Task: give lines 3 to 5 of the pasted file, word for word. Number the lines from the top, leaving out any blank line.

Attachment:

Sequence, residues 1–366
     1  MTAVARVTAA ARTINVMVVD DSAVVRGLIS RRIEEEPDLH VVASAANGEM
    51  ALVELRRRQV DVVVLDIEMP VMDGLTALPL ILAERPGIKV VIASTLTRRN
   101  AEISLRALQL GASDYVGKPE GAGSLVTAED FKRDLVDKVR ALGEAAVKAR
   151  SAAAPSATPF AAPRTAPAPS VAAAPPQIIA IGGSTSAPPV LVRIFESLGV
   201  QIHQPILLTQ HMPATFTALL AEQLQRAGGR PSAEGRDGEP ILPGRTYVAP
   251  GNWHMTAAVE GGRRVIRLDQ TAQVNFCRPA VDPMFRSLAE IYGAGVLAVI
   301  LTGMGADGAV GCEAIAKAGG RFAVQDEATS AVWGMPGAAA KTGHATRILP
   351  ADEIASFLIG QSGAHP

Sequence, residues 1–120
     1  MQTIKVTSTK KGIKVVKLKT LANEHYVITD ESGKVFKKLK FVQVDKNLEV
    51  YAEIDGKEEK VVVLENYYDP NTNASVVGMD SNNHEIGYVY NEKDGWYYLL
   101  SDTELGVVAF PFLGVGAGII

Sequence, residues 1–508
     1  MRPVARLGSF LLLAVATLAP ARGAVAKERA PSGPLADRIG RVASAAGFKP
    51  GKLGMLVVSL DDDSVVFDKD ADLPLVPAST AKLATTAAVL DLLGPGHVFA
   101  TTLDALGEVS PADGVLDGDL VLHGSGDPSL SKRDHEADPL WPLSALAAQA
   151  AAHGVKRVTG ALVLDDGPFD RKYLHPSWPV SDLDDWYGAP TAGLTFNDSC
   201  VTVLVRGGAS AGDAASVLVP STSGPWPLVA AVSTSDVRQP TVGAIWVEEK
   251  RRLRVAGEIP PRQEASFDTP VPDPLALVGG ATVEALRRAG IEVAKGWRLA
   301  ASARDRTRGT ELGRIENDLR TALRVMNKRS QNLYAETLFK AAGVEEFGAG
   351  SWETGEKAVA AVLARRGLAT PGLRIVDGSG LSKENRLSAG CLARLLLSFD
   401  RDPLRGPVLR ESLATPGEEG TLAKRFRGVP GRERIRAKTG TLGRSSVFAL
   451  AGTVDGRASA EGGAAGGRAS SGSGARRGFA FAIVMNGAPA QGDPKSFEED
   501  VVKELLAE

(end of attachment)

    51  ALVELRRRQV DVVVLDIEMP VMDGLTALPL ILAERPGIKV VIASTLTRRN
   101  AEISLRALQL GASDYVGKPE GAGSLVTAED FKRDLVDKVR ALGEAAVKAR
   151  SAAAPSATPF AAPRTAPAPS VAAAPPQIIA IGGSTSAPPV LVRIFESLGV